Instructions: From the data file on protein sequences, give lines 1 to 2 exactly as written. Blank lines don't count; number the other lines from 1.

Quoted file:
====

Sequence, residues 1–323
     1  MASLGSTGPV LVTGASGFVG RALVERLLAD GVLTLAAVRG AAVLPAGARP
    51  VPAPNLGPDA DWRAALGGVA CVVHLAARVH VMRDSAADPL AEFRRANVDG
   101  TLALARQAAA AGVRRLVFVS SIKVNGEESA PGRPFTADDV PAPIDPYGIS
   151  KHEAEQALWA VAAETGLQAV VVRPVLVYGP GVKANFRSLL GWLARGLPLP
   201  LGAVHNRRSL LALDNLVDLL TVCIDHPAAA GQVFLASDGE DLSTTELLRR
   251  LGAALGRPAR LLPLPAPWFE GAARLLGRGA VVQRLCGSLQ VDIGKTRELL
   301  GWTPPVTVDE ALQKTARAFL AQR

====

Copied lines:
Sequence, residues 1–323
     1  MASLGSTGPV LVTGASGFVG RALVERLLAD GVLTLAAVRG AAVLPAGARP